Basics: What is the GRE®?

The Graduate Record Examination (GRE®) is a standardized test used by graduate programs to help determine who gets in and who receives grants and fellowships. The exam comes in two types: the general exam, which covers a range of non-specific skills developed over a long period of time and years of schooling, and the subject tests, which test depth of knowledge in eight different fields. Worldwide, about half a million people take the general test each year, while a much smaller number takes the subject exams.

The general test is computer-based and consists of three sections, verbal, quantitative, and analytical writing. Verbal and quant are each scored on a scale of 130-170, in 1-point increments, plus a percentile rank. The writing section is scored on a scale of 0-6, in half-point increments. The test does not cover specifics in any field of study, but rather a set of skills thought to be important for prospective grad students.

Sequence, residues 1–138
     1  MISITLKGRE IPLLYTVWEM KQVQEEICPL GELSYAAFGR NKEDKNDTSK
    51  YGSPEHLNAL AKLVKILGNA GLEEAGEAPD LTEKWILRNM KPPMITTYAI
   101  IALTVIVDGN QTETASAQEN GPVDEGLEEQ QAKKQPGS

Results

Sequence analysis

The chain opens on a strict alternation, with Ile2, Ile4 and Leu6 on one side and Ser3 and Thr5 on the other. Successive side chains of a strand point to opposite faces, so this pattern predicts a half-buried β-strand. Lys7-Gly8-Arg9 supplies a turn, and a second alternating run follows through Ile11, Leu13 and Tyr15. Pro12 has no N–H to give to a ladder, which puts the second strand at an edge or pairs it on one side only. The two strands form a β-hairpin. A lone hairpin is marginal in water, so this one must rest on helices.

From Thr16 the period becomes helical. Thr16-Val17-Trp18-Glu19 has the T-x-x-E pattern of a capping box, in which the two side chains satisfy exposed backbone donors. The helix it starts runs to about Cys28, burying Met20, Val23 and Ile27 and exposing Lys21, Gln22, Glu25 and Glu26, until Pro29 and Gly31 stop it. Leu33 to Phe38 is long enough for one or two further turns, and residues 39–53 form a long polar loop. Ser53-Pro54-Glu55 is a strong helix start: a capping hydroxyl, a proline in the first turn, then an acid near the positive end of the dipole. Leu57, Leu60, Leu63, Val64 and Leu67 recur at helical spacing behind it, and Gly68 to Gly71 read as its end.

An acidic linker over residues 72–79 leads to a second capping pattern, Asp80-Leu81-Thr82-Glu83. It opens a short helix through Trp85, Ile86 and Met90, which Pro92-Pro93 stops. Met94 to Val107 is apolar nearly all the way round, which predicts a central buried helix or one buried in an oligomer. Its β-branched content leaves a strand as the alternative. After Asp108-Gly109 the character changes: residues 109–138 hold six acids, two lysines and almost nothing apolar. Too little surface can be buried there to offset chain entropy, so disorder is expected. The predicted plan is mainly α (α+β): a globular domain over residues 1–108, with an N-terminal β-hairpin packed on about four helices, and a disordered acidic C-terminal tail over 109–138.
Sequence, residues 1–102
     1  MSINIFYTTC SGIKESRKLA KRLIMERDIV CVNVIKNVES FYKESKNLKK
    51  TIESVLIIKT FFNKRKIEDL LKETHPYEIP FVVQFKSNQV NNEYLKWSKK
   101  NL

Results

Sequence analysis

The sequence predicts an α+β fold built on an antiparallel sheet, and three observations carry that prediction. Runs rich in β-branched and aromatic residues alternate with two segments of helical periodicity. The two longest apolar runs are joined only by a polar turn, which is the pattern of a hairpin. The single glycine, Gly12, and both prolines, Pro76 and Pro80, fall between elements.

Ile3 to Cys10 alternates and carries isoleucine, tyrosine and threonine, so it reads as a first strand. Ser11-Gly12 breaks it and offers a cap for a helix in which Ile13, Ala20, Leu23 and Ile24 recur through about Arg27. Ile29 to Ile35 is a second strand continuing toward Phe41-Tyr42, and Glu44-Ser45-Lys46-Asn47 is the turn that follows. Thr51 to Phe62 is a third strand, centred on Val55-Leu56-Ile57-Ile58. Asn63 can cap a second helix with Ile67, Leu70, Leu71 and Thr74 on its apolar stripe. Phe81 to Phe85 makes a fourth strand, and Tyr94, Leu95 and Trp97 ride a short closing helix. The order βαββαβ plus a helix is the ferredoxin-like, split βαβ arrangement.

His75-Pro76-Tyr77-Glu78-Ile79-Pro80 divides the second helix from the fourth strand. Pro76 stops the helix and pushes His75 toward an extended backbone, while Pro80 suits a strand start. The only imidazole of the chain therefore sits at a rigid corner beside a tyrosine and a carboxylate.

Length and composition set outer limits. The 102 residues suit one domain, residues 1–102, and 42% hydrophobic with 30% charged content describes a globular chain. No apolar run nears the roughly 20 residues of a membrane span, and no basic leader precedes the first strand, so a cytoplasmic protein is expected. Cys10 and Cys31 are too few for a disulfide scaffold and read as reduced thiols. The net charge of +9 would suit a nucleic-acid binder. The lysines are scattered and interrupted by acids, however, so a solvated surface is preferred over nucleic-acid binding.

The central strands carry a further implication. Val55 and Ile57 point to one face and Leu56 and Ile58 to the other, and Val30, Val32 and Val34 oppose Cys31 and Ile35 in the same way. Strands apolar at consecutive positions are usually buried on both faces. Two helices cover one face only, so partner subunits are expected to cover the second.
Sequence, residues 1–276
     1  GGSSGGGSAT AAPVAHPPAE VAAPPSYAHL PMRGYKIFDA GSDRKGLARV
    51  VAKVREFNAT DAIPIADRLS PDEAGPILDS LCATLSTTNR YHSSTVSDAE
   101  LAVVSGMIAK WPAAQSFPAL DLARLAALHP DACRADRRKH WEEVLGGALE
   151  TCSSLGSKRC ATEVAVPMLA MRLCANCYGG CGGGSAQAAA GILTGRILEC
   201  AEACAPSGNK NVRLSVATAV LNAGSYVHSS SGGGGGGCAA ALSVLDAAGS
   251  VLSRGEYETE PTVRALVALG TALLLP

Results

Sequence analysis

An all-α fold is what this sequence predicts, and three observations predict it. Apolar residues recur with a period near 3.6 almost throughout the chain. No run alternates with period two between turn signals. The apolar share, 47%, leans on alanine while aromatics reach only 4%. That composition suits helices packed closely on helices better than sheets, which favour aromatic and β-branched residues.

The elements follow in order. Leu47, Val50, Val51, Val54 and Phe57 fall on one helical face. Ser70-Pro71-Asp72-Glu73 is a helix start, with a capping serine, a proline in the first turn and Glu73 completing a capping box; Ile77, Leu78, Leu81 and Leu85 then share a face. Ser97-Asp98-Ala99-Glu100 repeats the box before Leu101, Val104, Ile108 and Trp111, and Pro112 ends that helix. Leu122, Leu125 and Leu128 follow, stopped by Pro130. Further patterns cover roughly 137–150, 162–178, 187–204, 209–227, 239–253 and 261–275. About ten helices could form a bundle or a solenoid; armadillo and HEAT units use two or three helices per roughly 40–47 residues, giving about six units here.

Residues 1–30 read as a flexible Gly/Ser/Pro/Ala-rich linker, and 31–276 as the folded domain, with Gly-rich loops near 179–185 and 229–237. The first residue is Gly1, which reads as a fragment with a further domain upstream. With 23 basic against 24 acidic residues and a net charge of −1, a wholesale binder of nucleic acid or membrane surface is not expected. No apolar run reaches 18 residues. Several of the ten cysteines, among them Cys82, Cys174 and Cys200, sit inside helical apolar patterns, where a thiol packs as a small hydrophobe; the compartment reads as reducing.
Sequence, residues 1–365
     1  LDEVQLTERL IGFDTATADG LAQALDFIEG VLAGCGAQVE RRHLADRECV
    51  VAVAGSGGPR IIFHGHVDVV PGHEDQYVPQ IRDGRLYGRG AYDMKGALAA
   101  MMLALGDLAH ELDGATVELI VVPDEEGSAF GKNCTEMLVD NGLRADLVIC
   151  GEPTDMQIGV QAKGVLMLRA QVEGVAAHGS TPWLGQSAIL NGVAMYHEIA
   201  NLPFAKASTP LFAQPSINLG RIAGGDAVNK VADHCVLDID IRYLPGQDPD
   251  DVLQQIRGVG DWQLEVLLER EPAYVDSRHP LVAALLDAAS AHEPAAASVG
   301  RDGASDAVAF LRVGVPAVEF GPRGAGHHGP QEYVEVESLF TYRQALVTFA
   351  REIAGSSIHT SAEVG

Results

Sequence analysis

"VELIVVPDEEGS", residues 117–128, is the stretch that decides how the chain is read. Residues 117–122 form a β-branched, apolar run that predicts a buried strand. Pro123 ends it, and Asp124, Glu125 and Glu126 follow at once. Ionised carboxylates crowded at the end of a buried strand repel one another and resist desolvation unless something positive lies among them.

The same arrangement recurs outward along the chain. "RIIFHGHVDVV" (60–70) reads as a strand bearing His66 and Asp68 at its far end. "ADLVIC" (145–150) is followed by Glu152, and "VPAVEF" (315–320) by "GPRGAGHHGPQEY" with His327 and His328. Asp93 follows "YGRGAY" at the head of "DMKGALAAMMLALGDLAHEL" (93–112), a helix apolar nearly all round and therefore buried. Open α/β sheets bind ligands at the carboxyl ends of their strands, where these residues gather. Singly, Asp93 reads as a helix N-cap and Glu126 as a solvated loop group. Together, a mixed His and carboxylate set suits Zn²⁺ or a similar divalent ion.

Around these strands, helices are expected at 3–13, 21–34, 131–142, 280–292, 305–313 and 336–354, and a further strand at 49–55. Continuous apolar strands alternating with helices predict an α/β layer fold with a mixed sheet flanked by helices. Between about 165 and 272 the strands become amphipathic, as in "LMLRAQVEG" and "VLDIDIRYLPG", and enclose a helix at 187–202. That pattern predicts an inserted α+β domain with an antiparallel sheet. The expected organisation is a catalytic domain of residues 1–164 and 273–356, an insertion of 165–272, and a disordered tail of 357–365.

The subject tests, on the other hand, are paper-based and administered 3 times a year. Unlike the general test, the subject test assumes extensive knowledge. Tests cover the following areas: Biochemistry, Cell and Molecular Biology; Biology; Chemistry; Computer Science; Literature in English; Mathematics; Physics; and Psychology. To determine whether you should take the general test or one of these subject-specific exams, you’ll need to check with the programs where you’re applying. For any field without a subject test, you’ll take the general exam.

Next Basics article: GRE® Test Format

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